It has been a summer for the history books with corona cases steadily rising, entire cities on lockdown, hand sanitizer theft and murder hornet paranoia. On the bright side, quarantine has allowed for some of the most creative minds to thrive.
Taylor Swift revisited her country roots and love of storytelling with “Folklore.” Twenty One Pilots created an ode to these paranoia fueled times with their single “Level of Concern.” Dua Lipa remained hopeful for the future while keeping the past in her rearview with her album “Future Nostalgia.”
More musicians are stepping out of the shadows to try and comprehend this new reality in whichever way they see fit. In the end, however, it's up to fans like us to determine which songs are worth exposure to and which songs we should permanently distance ourselves from. On that note, here are some summer music highlights.
Taylor Swift’s sixth studio album “Reputation” (2017) brought about angsty lyricism and dark…
Taylor Swift, “Folklore”:
While I’ve already devoted an entire article to reviewing this album, the bonus track “Lakes” has recently blessed my eardrums.
If you are only going to listen to one song on the album — which is unfortunate for you — this is ideal. The song starts off with an explosion of orchestral wonder. The chord sequence is so simplistic, yet the strumming is lively and melodic. It’s the kind of song you want to analyze. The lyrics are jam packed with words people rarely use in a sentence, like “unsurmountable” and “calamitous.” Not to mention, the imagery is stunning.
Five Seconds of Summer, “CALM”:
Although this album was released at the end of March, it demanded an entire summer's worth of jamming out to. While their previous record “YoungBlood” (2018) was upbeat and full of ‘80s inspired bops, they seemed to be searching for their signature sound.
CALM” (2020) proved this wrong. This album was experimental, yet all the individual genres sounded unified, and lead singer Luke Hemmings’ vocals were effortless and free. Their opening track “Red Desert” was a power house track consisting of the entire band harmonizing, which they should do more of. “Lover of Mine” was raw and authentic with a lovely instrumental breakdown, which bordered the classical genre. “Wildflower” was unique because it featured another band member, Calum Hood, best known for his bass guitar.
Dua Lipa, “Future Nostalgia”:
I’ve never been able to call myself a Dua Lipa fan, but several of her tracks on this album stuck with me. I love ‘80s music, and hearing something that utilized those same electronic synth beats and background ambience but in a modern way was exciting, to say the least. Or maybe a better phrase is “adrenaline pumping,” specifically with her song “Physical,” which explored a broader vocal range. While a few of the tracks on the album seemed overly repetitive — as pop songs tend to do — you could tell she was exploring a new type of sound, not wanting to be stuck putting out songs like “New Rules” forever. It is far from it.
Armond Arabshahi, or Unlike Pluto, is not your average electronic artist. He plays the drums…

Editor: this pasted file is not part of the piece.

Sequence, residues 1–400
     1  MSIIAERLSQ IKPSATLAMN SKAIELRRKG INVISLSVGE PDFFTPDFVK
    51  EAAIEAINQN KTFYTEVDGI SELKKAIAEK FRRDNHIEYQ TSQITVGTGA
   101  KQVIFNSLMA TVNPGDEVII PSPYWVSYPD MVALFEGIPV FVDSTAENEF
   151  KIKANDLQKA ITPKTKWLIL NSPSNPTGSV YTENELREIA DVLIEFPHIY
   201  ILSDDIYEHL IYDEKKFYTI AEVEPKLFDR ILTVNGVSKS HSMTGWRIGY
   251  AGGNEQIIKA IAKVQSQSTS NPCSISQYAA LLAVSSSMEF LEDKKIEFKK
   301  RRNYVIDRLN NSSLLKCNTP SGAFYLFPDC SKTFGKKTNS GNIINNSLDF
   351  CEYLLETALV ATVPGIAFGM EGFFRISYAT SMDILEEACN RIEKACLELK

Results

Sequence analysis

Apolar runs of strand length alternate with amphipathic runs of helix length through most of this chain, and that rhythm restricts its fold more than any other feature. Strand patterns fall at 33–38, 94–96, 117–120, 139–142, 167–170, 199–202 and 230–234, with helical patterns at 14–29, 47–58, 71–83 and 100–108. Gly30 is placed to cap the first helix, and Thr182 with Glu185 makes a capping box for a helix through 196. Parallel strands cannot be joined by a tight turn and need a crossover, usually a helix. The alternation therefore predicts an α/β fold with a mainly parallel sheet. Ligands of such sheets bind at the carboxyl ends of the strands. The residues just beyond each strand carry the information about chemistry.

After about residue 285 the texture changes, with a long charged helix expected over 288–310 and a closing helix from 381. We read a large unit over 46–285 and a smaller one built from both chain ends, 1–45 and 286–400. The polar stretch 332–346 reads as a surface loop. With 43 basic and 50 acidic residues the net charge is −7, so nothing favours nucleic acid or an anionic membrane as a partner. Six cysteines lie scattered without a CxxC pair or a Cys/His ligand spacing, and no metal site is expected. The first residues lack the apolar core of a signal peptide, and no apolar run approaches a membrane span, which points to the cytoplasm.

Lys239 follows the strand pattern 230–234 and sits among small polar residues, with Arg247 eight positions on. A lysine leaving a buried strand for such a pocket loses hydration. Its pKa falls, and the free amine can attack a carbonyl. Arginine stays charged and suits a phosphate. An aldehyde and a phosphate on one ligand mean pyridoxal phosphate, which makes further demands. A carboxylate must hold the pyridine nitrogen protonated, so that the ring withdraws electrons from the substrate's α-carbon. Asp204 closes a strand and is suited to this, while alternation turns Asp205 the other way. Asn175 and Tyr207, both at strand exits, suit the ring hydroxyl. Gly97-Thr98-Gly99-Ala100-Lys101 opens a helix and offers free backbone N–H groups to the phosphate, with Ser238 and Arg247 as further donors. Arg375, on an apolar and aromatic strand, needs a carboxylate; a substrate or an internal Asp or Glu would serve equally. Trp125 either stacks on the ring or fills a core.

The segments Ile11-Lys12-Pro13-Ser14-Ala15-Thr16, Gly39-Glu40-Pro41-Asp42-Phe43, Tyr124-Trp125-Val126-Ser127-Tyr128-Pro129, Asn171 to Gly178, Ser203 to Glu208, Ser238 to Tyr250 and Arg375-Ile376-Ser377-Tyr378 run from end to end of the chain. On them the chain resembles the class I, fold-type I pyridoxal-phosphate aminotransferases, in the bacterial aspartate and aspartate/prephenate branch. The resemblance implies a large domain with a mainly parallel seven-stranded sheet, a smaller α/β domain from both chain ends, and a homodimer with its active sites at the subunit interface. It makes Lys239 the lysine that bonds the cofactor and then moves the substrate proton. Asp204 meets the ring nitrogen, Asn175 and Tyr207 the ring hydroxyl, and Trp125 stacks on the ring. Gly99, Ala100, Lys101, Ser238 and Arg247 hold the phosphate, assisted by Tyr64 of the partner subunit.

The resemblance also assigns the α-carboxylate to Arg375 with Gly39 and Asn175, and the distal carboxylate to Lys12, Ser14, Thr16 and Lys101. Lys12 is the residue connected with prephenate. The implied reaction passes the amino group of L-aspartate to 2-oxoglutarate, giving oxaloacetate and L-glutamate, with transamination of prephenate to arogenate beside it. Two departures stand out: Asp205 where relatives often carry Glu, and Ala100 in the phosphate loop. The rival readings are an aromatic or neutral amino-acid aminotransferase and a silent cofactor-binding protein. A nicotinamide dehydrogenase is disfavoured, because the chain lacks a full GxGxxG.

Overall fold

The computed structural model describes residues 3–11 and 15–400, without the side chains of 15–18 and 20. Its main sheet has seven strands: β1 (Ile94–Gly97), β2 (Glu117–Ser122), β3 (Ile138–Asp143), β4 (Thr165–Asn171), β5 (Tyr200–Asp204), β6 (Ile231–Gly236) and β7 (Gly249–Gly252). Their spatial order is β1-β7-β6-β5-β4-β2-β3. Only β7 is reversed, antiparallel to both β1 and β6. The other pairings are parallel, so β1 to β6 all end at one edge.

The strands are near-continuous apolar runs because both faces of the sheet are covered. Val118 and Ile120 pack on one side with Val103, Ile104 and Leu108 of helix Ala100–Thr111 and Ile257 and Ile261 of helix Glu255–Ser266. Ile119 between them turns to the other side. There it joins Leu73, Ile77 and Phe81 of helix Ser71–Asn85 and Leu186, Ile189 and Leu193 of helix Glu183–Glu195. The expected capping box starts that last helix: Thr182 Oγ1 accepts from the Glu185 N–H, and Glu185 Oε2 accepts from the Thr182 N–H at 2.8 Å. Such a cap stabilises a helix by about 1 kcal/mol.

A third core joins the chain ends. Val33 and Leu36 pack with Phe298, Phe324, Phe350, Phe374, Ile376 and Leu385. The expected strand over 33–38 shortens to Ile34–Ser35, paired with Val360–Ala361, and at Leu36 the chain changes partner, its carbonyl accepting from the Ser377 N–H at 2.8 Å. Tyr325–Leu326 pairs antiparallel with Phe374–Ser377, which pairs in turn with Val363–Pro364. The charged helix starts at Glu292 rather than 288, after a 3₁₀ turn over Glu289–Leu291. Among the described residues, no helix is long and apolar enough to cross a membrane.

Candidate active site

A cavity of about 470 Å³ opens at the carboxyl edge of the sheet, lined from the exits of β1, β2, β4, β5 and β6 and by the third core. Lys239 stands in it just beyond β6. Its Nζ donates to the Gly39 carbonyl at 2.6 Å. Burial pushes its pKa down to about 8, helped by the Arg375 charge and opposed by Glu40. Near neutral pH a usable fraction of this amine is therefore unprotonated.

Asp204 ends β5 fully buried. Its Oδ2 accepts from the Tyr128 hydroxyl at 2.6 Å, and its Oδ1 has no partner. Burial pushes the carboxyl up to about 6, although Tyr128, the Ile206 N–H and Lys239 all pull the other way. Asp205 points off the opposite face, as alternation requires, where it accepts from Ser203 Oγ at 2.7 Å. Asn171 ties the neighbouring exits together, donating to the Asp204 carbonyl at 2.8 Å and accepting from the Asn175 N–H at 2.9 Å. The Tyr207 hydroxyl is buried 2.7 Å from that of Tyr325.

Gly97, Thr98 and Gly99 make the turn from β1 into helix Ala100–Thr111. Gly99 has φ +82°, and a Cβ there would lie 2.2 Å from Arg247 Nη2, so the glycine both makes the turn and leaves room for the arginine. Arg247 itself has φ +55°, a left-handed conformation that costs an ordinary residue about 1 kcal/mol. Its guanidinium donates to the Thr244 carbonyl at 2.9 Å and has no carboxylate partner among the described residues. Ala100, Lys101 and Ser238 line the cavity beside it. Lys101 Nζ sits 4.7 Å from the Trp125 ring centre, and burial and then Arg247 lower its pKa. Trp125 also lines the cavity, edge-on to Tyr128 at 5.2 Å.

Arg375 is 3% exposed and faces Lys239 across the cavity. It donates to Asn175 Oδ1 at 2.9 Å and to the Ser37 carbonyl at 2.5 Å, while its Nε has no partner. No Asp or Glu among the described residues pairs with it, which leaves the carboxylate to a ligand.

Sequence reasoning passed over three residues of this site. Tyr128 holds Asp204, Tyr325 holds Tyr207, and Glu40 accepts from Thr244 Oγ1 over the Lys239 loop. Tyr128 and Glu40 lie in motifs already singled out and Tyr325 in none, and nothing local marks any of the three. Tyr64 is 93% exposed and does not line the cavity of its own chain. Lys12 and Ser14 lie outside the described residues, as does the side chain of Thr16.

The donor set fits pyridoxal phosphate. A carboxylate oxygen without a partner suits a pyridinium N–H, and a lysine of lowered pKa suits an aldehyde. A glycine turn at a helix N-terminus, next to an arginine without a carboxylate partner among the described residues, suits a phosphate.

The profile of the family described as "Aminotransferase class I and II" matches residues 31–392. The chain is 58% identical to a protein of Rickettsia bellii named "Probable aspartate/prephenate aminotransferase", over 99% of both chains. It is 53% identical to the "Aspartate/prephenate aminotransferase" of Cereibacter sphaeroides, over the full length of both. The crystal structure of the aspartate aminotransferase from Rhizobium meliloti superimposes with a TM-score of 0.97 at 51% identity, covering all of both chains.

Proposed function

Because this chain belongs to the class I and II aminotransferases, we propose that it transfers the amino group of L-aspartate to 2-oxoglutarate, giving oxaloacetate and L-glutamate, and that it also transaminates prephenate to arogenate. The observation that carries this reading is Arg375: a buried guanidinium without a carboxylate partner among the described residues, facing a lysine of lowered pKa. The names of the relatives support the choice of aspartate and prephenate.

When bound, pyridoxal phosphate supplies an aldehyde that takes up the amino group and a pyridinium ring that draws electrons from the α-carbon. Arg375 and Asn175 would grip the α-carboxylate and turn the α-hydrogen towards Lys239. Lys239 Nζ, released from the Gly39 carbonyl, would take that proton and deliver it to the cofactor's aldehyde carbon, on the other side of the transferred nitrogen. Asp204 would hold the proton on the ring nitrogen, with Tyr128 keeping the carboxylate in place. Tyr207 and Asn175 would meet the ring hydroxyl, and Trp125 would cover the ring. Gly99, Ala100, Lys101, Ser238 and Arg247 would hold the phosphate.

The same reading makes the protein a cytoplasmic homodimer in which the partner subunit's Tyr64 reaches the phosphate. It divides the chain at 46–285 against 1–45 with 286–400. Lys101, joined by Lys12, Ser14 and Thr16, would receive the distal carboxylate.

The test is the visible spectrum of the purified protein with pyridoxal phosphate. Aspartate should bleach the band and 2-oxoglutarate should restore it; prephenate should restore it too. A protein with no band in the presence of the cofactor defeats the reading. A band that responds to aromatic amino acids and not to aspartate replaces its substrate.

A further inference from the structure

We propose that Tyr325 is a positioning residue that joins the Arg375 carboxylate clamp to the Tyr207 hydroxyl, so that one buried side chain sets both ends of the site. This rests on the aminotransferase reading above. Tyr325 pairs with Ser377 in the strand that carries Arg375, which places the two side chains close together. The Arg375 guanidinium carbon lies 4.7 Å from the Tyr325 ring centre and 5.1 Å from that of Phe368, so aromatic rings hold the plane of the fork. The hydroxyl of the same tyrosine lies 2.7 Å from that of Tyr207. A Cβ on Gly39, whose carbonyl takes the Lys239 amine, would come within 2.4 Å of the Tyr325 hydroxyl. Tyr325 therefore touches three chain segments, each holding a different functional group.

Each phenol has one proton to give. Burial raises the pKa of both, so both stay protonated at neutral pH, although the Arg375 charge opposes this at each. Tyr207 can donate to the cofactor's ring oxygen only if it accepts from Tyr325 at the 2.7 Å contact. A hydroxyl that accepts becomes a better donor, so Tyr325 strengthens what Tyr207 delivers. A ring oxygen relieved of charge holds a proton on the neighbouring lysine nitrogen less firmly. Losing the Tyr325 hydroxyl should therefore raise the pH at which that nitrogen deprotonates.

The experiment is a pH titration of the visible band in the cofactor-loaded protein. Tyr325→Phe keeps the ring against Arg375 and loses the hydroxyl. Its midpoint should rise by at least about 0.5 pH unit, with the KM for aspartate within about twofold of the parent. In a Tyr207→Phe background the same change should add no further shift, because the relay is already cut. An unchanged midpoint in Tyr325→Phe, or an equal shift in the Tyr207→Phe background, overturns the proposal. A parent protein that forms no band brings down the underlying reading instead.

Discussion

Unlike Pluto, “Messy Mind”:
I’m aware that up to this point, I’ve only discussed mainstream artists. But, if you’re looking for something a bit different, check out this multi-talented producer turned singer. I’ve mentioned him in a previous article, but he recently released an album with 18 tracks called “Messy Mind,” consisting of singles released weekly since March.
There is a song for any type of music taste. If you prefer something more alternative rock with a bit of electronic, check out “Regret Roulette,” “Starlight” or “Lullaby.” If you want something a little more laid back and soothing, “Shadow,” “Pocket Symphony” and “Mindless Bliss” would be ideal. Don’t forget to check out the beautiful ballad “Nicotine,” featuring Joanna Jones.
Sam Tinnesz, “Warplanes”:
This is an underrated artist I’ve never discussed before. He releases the kinds of songs you would find in the trailers of action movies. The tracks on his “Warplanes” E.P. released in May have epic instrumental breakdowns. My favorites are “Bloodshot” and “Play with Fire,” featuring Yacht Money. If you like him, check out his other EPs “Babel” (2017) and “White Doves” (2020).
Twenty One Pilots, “Level of Concern”:
Towards the end of March, when the famous duo left hints of a new single release all over Twitter, I would have never expected the song to sound the way it did. At first, I found it overly cheesy and almost rushed in production with the tacky disco-inspired introduction. But, after multiple listens, I became pretty fond of the track because it is so light hearted and representative of the times. It is vastly different from their usual darker tones. I especially loved the line, “Will you be my little quarantine?” And, the music video made it all come together.
Billie Eilish, ‘My Future’:
Billie Eilish stole hearts with her first hit single “Ocean Eyes” and is still consistently coming out with good music. The only “bad” part about this song is that the drum beat sounds like something off of Garage Band or one of those keyboards with an electronic drum kit. Aside from this, the song is eerily beautiful and seems to put Billie in a better state of mind than she’s been in the past.
We could learn a thing or two from that kind of mentality. After all, it might be the end of the world as we know it, but the music is still fine.